• This discovery adds to our knowledge of the universe's fundamental particles.

Tau Particles: The Heavy Electron Cousins

Tau particles (τ), also known as tauons, are fundamental subatomic particles categorized as leptons. Here's a breakdown of their key characteristics:

  • Similar to Electrons, But Heavier: Tau particles share some properties with electrons, including a negative electrical charge and a spin of ½. However, tau particles are significantly heavier – about 3,500 times the mass of an electron. This hefty mass makes them unstable compared to electrons.

  • Short-lived: Tau particles have a very short lifespan, existing for only about 2.9 x 10^-13 seconds (less than a trillionth of a second) before decaying into other particles. Due to their short lifespan, they don't play a significant role in everyday phenomena or the structure of atoms.

  • Multiple Decay Modes: Unlike electrons, which are stable, tau particles are unstable and decay into various combinations of subatomic particles. These decay products can include electrons, muons (another type of lepton), neutrinos, and other fundamental particles.

  • Unique Among Leptons: Tau particles are the only leptons massive enough to decay into hadrons (particles containing quarks, the building blocks of protons and neutrons). This makes them valuable for studying the strong nuclear force, one of the fundamental forces governing interactions between subatomic particles.

  • Produced in High-Energy Events: Tau particles are not commonly found in nature. They are typically created in high-energy particle collisions, such as those occurring in particle accelerators. Scientists study them at these facilities to understand their properties and their role in the fundamental laws of physics.

Tau particles are crucial for understanding the Standard Model:

The Standard Model is a theoretical framework that describes fundamental particles and their interactions. By studying tau particles and their decay modes, scientists can test the predictions of the Standard Model and potentially reveal new physics beyond the current understanding.

High Diabetes Burden in India: HbA1c Test Explained

India and Diabetes:

  • Estimated 10.13 crore people in India have diabetes, and another 13.6 crore are pre-diabetic.

  • Early detection and prevention are crucial for managing this growing concern.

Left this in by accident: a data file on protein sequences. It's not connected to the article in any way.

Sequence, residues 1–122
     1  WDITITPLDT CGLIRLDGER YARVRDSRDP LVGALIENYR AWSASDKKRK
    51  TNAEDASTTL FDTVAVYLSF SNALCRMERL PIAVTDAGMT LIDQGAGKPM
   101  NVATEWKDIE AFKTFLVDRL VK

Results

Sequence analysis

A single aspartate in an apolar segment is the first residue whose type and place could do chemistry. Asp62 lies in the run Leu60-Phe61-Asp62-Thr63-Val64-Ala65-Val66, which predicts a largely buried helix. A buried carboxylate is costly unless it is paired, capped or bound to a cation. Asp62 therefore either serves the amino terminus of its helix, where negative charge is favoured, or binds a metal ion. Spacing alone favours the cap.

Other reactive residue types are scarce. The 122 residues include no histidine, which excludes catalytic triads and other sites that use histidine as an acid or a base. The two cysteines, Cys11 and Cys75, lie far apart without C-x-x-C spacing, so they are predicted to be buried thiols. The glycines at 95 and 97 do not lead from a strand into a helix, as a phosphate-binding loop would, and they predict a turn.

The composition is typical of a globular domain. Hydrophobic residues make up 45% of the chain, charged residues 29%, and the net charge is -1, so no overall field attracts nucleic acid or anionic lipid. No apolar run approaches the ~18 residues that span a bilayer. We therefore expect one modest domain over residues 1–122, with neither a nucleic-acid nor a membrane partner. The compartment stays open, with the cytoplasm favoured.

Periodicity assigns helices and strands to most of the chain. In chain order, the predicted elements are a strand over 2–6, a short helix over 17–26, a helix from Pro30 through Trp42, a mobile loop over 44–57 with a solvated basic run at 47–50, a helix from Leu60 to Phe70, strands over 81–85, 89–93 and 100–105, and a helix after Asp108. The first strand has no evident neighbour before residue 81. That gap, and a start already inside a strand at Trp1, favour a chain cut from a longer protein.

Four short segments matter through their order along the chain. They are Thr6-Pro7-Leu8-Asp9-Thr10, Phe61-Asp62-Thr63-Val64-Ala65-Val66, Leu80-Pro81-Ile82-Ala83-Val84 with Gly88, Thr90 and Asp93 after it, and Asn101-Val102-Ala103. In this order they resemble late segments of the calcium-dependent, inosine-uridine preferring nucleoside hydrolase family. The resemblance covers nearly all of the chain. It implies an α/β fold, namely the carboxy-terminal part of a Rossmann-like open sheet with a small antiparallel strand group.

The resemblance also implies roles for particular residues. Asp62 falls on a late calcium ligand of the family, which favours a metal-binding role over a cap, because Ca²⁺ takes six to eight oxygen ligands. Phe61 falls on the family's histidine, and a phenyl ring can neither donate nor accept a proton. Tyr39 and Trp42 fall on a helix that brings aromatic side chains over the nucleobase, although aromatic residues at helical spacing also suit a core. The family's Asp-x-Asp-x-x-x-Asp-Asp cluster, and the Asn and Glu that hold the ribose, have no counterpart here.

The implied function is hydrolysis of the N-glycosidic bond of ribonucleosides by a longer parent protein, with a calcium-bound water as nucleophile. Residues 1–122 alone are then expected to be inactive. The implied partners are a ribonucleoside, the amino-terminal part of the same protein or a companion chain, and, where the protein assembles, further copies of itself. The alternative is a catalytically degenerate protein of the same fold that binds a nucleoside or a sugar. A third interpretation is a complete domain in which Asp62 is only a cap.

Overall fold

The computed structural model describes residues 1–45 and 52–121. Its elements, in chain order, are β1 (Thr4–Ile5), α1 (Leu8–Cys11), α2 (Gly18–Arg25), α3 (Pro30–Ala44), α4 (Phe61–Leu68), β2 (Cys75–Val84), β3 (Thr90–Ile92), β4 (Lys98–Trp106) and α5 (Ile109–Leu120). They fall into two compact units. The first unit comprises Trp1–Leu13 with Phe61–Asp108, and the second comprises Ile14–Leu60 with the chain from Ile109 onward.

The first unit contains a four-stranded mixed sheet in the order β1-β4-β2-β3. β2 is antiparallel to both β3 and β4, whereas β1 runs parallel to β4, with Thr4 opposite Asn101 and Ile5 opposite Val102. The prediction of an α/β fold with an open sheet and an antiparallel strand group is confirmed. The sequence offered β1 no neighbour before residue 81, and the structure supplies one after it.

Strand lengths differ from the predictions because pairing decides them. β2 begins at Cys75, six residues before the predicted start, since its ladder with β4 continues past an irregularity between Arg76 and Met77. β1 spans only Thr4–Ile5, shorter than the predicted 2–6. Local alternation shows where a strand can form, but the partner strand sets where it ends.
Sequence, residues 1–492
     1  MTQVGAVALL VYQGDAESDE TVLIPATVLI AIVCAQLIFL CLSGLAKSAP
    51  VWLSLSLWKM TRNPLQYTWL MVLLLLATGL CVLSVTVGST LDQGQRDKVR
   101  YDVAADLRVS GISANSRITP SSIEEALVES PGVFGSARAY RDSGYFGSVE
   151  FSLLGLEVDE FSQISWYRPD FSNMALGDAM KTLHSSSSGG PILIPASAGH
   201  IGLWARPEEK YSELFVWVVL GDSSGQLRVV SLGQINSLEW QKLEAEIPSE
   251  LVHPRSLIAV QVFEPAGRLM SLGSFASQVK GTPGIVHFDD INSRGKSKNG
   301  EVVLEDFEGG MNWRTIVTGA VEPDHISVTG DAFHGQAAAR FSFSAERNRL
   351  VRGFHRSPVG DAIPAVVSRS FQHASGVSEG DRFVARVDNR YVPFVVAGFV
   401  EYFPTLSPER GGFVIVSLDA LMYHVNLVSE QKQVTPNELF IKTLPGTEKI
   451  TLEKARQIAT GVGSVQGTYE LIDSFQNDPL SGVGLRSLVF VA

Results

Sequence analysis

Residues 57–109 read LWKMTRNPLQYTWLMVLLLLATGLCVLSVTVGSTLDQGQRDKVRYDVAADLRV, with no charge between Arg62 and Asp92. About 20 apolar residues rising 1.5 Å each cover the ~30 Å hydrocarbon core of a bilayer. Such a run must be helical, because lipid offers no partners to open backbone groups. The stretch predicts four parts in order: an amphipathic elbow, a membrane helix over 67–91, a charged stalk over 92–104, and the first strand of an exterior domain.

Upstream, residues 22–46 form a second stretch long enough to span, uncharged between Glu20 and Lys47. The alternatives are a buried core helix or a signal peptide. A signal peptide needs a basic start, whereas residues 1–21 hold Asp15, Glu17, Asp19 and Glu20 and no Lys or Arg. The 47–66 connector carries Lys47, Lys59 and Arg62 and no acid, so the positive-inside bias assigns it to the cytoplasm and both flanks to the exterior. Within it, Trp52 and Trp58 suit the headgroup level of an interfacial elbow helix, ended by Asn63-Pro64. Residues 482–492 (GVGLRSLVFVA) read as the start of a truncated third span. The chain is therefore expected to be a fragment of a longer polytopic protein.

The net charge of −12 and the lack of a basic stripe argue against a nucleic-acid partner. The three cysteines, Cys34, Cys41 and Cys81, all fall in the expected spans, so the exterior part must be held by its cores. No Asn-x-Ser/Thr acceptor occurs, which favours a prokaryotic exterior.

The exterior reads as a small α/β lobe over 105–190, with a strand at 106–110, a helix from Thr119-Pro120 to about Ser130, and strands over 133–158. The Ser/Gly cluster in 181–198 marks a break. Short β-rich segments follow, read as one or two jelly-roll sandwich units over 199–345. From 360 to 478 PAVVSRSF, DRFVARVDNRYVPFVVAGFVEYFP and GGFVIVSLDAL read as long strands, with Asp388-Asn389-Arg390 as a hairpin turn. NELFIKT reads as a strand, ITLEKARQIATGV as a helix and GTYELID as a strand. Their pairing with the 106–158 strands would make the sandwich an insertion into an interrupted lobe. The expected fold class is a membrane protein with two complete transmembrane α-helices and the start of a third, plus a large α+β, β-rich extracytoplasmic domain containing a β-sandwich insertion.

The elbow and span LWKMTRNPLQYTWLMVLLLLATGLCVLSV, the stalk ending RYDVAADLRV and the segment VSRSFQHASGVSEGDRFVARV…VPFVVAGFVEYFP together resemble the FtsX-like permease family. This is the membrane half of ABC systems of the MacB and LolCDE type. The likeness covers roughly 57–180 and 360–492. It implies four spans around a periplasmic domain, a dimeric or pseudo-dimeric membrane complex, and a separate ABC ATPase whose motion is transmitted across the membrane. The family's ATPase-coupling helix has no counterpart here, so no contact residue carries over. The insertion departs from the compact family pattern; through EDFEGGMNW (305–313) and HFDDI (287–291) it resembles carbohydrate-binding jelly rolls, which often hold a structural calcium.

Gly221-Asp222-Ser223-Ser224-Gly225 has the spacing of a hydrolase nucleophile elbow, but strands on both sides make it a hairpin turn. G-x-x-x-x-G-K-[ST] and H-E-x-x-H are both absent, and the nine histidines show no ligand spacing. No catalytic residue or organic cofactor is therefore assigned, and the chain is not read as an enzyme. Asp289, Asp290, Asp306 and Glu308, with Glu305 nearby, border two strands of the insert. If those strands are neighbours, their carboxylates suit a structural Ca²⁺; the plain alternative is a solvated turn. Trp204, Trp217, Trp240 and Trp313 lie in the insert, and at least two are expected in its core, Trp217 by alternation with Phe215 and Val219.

The HbA1c Test:

  • A common test to diagnose pre-diabetes, diabetes (both types), and monitor diabetes management.

  • Measures the percentage of red blood cells with sugar-coated hemoglobin (HbA1c) over 2-3 months.

  • Higher HbA1c indicates higher average blood sugar levels.

History and Advantages of HbA1c Test:

  • Discovered in 1955, became a diagnostic tool in 2009 due to its ability to reflect average blood sugar control.

  • Standardized and reliable measurements are essential for accurate diagnosis.

  • Offers a longer-term view compared to single blood sugar tests, which can fluctuate based on recent meals.

HbA1c Results and Interpretation:

  • Results are reported as a percentage or mmol/mol.

  • Below 5.7% is considered normal, 5.7-6.4% pre-diabetic, and 6.5% or higher indicates diabetes.

  • Doctors will set specific HbA1c goals based on individual health factors.

Who Needs the Test and When?

  • ICMR recommends screening for all above 30 years, especially those with risk factors like obesity or hypertension.

  • Normal results: retest after 3 years.

  • Pre-diabetic: annual retesting.

  • People with diabetes: test every 3-6 months to monitor treatment effectiveness.

Advantages over Other Blood Sugar Tests:

  • HbA1c reflects average blood sugar control over a longer period (2-3 months) compared to single-point blood sugar tests.

  • Can be taken irrespective of recent meals.

Limitations of HbA1c Test:

  • May not be suitable for everyone due to factors like anemia or certain medications.

  • Not a substitute for regular blood sugar monitoring or other diagnostic tests a doctor might recommend.

HbA1c Test in India:

  • Some limitations exist due to factors like iron deficiency anemia, which is prevalent in India.

  • Doctors might use additional tests alongside HbA1c for accurate diagnosis.


HbA1c is a valuable tool for diabetes management, but it's important to understand its limitations and use it in conjunction with other tests and doctor recommendations.